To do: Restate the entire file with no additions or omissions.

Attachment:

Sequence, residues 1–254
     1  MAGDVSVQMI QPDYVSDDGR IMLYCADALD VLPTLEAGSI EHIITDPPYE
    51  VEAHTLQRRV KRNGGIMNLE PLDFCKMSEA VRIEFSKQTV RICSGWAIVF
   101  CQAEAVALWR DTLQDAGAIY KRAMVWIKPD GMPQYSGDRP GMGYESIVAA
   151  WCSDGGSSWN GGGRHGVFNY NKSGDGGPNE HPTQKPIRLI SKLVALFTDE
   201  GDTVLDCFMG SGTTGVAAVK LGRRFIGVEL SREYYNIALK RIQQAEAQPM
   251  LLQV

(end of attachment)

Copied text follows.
Sequence, residues 1–254
     1  MAGDVSVQMI QPDYVSDDGR IMLYCADALD VLPTLEAGSI EHIITDPPYE
    51  VEAHTLQRRV KRNGGIMNLE PLDFCKMSEA VRIEFSKQTV RICSGWAIVF
   101  CQAEAVALWR DTLQDAGAIY KRAMVWIKPD GMPQYSGDRP GMGYESIVAA
   151  WCSDGGSSWN GGGRHGVFNY NKSGDGGPNE HPTQKPIRLI SKLVALFTDE
   201  GDTVLDCFMG SGTTGVAAVK LGRRFIGVEL SREYYNIALK RIQQAEAQPM
   251  LLQV